EIA Shorts Renewables

Sun Day campaign says U.S. will achieve 16% renewables by 2018, not 2040.

Washington DC, April 15 – In a new 32-page study released today, the SUN DAY Campaign challenges assertions by the U.S. Energy Information Administration (EIA) that renewable energy sources will provide only 16% of the nation’s net electrical generation by the year 2040. Using EIA’s own previously published data, the analysis shows that it’s more likely the 16% level could be reached within five years.

In its “early release overview” of the “Annual Energy Outlook 2014″ (published December 16, 2013 with the final release of the full AEO2014 now slated for April 30, 2014), the EIA’s Reference Case foresaw renewable energy sources (i.e., biomass, geothermal, hydropower, solar, wind) accounting for just 16% of the nation’s net electrical generation by 2040.

However, EIA’s own published data for the 11-year period January 1, 2003 through December 31, 2013 reveal that the percentage of the nation’s net electrical generation represented by renewable energy has expanded from less than 9% in 2004 to nearly 13% in 2013 – i.e., within a decade. Given the relatively consistent growth trends of the past decade or longer for most renewable energy sources and their rapidly declining costs, it seems improbable that it will require another 27 years to grow from 13% to 16%. Thus, EIA’s forecast is not just unduly conservative; almost certainly, it is simply wrong.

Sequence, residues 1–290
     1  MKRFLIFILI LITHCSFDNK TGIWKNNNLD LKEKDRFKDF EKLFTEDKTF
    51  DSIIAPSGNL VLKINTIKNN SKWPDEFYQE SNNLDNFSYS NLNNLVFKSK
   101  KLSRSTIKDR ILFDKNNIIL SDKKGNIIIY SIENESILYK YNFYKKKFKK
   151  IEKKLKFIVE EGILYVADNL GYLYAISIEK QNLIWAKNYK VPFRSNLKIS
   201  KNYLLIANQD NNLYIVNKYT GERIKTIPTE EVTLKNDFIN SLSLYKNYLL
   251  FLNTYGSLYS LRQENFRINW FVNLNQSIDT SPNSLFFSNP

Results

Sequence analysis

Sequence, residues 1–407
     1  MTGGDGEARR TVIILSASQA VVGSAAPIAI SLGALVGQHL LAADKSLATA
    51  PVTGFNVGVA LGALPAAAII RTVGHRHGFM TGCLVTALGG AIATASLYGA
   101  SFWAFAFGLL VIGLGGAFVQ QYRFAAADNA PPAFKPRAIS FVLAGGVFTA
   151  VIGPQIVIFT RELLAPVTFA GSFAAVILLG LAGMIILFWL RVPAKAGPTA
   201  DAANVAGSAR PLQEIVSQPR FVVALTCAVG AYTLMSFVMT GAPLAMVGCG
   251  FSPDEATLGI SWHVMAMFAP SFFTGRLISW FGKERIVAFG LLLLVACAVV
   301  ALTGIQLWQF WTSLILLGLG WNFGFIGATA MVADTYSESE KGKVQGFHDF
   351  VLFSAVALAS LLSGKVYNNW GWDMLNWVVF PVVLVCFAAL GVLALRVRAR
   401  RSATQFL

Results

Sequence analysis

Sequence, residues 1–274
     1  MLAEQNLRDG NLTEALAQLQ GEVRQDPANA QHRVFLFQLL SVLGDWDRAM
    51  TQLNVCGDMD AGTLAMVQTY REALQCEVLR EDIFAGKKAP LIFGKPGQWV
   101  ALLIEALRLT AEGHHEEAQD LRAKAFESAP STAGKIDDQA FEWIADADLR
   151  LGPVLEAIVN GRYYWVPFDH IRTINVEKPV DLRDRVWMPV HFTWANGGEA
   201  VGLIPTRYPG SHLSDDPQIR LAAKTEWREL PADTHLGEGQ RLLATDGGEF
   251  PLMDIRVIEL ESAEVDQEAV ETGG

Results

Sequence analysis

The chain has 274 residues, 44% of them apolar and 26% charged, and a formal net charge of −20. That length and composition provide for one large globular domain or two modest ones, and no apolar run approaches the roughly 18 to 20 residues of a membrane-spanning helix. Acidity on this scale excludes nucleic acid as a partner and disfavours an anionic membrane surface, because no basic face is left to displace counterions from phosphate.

In fact, if the trends reflected in EIA data from the past decade continue, renewable energy sources could increase to as much as 13.5% of net U.S. electrical generation in 2014, to 14.4% in 2015, to 15.3% in 2016, and reach or exceed 16.0% no later than 2018 — i.e., within five years and not the 27 years forecast by EIA. At worst, they would reach 16% by 2020.

“Inasmuch as policy makers in both the public and private sectors – as well as the media and others – rely heavily upon EIA data when making legislative, regulatory, investment, and other decisions, underestimation can have multiple adverse impacts on the renewable energy industry and, more broadly, on the nation’s environmental and energy future,” noted Ken Bossong, Executive Director of the SUN DAY Campaign. “Consequently, EIA is doing a serious disservice to the public by publishing analyses that are inherently inconsistent with its own historical data and near-term projections.”

The full 32-page report (attached) includes the assumptions and projections made, on a technology-by-technology basis, using EIA data. In addition, following the projections provided for each technology is a listing of recent studies and news reports that offer alternative or complementary scenarios – many of which are more aggressive than those provided by the SUN DAY Campaign. These additional studies suggest that even SUN DAY’s analysis may prove to be unduly conservative.

 

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